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  • The term "reasonable accommodation" is a term of art that Congress defined only through examples of changes or modifications to be made, or items to be provided, to a qualified individual with a disability. A reasonable accommodation is adapting the job site or job functions for a qualified person with a disability to enable an individual with a disability to enjoy equal employment opportunities. This does not mean that the employer must lower the standards of work for the position or change the job requirements. There are three categories of reasonable accommodations:
    • Modifications or adjustments to a job application process to permit an individual with a disability to be considered for a job (such as providing application forms in alternative formats like large print or Braille);
    • Modifications or adjustments necessary to enable a qualified individual with a disability to perform the essential functions of the job (such as providing sign language interpreters); and
    • Modifications or adjustments that enable employees with disabilities to enjoy equal benefits and privileges of employment (such as removing physical barriers in an office cafeteria).
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  • Decisions on making accommodations are made on a case-by-case basis. Executive Order 16134, however, requires each Federal agency to establish effective written procedures to facilitate the provision of reasonable accommodation for applicants and employees. Contact specific agencies for information on their decision-making process.
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    • The Computer/Electronic Accommodations Program (CAP) provides assistive technology accommodations and services to persons with disabilities at the Department of Defense and over 38 Federal agencies (upon the request of the head of the Federal agency) at no cost. CAP supports accessibility efforts, including the successful implementation of Section 508’s electronic and information technology accessibility requirements.
    • The U.S. Department of Agriculture established the Technology Accessible Resources Gives Employment Today (TARGET) Center to support the Department with assistive technology and ergonomic solutions. Needs assessments and demonstrations conducted by the Center provide federal employees with disabilities equal access to electronic and information technology essential in today's work force.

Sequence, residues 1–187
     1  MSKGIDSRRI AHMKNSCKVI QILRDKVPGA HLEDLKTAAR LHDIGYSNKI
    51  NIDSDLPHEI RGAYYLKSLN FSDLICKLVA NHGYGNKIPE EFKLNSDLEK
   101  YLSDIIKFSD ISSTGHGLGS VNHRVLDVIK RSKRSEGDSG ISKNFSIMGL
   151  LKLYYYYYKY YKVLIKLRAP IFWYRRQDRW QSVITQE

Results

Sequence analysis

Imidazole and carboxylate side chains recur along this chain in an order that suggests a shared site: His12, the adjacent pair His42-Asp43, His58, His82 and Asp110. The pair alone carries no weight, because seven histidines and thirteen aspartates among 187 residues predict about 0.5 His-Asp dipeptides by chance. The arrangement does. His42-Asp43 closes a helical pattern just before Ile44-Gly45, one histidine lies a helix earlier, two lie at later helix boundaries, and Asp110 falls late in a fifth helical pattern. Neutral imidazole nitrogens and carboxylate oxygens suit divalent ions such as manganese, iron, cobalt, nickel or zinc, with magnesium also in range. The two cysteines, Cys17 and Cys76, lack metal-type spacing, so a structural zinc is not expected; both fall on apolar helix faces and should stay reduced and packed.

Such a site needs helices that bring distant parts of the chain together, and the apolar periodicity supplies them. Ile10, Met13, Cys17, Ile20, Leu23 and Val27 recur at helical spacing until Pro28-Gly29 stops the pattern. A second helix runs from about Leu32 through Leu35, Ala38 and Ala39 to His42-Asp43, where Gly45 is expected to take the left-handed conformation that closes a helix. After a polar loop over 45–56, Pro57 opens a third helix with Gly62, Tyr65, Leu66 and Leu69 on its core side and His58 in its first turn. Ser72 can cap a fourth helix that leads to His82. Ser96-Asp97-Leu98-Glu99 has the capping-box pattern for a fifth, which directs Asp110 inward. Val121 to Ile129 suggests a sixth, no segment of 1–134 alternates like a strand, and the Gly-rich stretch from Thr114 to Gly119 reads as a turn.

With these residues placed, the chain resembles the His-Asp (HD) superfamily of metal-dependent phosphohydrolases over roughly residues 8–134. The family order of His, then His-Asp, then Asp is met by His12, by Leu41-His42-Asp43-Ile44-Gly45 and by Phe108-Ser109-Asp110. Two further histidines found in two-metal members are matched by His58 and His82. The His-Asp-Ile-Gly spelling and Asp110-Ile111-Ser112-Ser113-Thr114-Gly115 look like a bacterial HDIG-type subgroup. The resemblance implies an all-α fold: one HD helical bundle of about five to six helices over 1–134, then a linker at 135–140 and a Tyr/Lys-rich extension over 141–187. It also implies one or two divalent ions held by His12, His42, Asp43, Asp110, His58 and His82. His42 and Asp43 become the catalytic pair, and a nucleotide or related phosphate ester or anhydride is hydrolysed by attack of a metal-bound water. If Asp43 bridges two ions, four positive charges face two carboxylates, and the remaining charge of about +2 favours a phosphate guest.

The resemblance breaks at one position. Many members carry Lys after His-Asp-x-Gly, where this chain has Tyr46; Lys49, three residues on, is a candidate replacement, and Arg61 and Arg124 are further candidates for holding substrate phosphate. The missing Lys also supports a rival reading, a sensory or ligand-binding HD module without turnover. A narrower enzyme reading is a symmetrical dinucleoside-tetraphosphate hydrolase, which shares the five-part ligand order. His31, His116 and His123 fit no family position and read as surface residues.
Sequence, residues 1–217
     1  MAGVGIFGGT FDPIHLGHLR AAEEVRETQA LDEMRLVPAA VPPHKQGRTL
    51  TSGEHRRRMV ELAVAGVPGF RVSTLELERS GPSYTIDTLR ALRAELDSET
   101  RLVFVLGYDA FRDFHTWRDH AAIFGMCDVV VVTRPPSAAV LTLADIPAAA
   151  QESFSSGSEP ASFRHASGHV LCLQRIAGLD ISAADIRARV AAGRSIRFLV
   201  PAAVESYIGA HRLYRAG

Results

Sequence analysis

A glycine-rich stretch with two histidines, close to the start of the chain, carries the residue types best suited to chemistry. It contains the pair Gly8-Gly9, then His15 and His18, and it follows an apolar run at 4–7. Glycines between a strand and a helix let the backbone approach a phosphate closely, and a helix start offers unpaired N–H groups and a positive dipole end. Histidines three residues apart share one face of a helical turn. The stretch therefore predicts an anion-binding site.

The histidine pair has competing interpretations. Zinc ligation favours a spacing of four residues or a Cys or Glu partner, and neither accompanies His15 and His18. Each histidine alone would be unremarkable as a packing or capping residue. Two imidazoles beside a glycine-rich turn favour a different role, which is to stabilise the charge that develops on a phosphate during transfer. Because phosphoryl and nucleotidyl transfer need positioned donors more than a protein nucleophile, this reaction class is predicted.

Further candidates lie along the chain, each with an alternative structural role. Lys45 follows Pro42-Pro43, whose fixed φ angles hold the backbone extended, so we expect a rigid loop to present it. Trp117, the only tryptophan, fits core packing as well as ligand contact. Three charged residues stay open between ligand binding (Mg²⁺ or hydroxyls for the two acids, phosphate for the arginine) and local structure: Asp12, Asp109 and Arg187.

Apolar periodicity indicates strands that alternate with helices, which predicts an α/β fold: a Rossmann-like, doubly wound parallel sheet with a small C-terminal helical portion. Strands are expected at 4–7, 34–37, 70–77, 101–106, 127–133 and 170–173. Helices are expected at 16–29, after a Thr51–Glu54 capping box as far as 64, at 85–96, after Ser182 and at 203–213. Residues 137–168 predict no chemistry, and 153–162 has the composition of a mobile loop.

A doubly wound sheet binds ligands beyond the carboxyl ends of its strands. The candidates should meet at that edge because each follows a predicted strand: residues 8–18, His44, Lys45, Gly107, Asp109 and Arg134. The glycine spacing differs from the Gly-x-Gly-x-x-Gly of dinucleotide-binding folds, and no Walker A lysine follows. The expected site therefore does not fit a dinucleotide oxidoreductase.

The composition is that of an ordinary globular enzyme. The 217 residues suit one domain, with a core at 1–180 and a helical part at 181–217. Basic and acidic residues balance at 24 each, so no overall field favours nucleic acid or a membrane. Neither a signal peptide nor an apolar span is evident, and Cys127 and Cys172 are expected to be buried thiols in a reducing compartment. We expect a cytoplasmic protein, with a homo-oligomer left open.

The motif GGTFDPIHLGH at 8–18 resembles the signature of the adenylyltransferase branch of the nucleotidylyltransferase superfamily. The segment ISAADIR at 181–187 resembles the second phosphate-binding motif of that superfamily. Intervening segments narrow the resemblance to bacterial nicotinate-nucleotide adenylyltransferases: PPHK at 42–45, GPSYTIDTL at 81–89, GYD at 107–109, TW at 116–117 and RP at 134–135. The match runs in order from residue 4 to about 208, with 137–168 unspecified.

• The Department of Education's Assistive Technology Program provides support services to Education managers and supervisors in determining how technology can be used to meet the reasonable accommodation needs of employees with disabilities. These services include needs assessments, specialty equipment and software demonstrations. The Assistive Technology Team also studies software development issues pertaining to Education accessibility requirements for product implementation in Department-wide systems.
    • The U.S. Department of Education (ED) Disability Policy/Section 504 Reasonable Accommodation staff within the Office of Management's Work/Life Programs Group (WLPG) promotes disability awareness and assists managers and staff with reasonable accommodation and program access needs. Having disability access resources available reflects ED's ongoing commitment to provide full access to all customers and employees with disabilities. These resources include services such as Braille and audiotape versions of ED publications, funding for reasonable accommodations, and guidance on a range of accessibility questions. Other offices within ED also provide resources and work closely with the Disability Policy/Section 504 Reasonable Accommodation staff to deliver disability-access services to all Department customers and employees who need them.  For more information, call the Section 504/Reasonable Accommodation office at 202-401-8545 Voice or 202-260-8874 TTY or call the Work/Life Programs Group main number at 202-401-2905 Voice/TTY via Federal Relay Service.